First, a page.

Electric generator

1831 Electric generator

The book of science

Tom Sharp

Michael Faraday electromagnetism Electric generator

Electric generator

Before Faraday, electric generators generated a static charge using friction or electrostatic induction, producing a high voltage but a low current. Before Faraday invented the electric generator, he discovered its operating principle, the law of induction. A moving magnetic field creates a separation of charge in an electric circuit. All Faraday had to do was to rotate a copper disk through the middle of a horseshoe magnet.

Electric generators

The Faraday disc, also called a homopolar generator, generated a direct current. The next year Hippolyte Pixii added multiple windings and a commutator to generate a pulsed direct current. John Stephen Woolrich designed the first electric generator used in an industrial process in 1844. By 1867, Charles Wheatstone, Werner von Siemens, and Samuel Alfred Varley had patented their own dynamos. Michael Faraday also built the first alternating current generator, his heteropolar “rotating rectangle.” Commercial alternators quickly followed, by James Gordon in 1882, by Lord Kelvin and Sebastian Ziani de Ferranti in 1882, by William Stanley Jr. at Westinghouse Electric in 1886, and in London the first modern power station by Ferranti in 1887.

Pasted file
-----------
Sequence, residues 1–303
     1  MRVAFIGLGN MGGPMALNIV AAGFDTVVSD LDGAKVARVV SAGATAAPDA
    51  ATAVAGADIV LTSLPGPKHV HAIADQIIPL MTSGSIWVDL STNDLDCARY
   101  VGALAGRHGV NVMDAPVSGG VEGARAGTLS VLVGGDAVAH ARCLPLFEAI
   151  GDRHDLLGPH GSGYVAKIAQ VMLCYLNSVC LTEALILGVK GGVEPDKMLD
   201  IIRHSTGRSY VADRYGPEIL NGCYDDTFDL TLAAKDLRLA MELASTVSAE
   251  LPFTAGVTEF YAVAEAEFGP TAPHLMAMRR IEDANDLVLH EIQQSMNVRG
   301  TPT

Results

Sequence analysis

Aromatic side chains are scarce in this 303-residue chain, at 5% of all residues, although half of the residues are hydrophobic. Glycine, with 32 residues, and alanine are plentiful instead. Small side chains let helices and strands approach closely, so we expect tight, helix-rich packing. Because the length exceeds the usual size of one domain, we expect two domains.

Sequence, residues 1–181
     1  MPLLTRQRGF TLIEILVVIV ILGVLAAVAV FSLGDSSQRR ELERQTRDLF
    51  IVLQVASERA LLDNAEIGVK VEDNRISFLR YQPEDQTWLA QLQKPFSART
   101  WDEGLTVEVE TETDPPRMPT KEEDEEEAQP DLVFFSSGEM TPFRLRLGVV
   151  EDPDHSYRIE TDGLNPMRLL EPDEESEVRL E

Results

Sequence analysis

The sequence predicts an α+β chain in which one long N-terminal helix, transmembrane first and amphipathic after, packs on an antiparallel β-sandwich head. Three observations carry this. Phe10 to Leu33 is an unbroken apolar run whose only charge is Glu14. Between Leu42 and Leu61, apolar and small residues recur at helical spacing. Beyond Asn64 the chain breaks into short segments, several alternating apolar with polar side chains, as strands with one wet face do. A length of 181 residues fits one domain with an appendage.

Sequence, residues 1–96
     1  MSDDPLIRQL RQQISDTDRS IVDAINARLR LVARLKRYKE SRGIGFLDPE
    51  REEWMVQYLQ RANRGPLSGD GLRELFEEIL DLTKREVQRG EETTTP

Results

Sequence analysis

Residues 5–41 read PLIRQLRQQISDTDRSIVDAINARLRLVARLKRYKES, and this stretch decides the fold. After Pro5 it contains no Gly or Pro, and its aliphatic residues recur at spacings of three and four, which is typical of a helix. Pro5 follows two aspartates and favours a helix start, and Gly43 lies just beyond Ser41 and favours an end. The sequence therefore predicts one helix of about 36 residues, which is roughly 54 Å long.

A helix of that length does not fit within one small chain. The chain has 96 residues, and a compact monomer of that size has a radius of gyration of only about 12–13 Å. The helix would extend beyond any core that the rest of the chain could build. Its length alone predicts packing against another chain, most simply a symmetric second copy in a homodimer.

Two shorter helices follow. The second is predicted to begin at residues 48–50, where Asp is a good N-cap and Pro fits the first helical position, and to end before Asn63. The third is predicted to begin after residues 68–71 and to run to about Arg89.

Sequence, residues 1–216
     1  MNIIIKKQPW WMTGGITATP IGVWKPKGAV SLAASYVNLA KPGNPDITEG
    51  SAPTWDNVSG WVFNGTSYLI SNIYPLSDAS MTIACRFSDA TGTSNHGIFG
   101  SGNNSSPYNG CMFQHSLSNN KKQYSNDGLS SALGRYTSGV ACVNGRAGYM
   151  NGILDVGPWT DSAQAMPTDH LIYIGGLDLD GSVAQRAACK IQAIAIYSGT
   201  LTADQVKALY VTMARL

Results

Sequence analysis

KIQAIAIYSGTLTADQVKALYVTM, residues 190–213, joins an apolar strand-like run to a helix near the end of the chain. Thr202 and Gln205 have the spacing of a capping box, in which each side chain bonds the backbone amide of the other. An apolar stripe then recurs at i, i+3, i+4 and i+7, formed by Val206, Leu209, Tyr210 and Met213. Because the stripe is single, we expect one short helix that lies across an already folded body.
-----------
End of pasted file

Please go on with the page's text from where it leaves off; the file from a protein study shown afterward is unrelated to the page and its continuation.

Atmospheric pressure and wind, gravity and water, generators convert natural kinetic energies into electric forces to charge my car’s batteries. On the street, my car’s motor converts electricity from the batteries into kinetic energy— zero to thirty-five in ten seconds. Then I release the accelerator to turn the motor into a generator, converting the car’s kinetic energy back into electricity that recharges the batteries. DC to AC, AC to DC, kinetic to electric, electric to kinetic, alternating forms of energy keep us moving, keep us happy, though losses add up with every conversion.

Discoveries and inventions like this don’t happen in a vacuum. The operation of Michael Faraday’s original generator was inefficient, but others quickly improved and varied the design. André-Marie Ampère suggested that Pixii use a communtator to convert his AC generator to a pulsed DC generator. Faraday had a look at Woolrich’s generator at Elkington Silver Electroplating Works in Birmingham and “expressed his intense delight.” James Clerk Maxwell mathematically formalized Faraday’s discoveries and James Gordon worked under Maxwell’s supervision at the Cavendish Laboratory.

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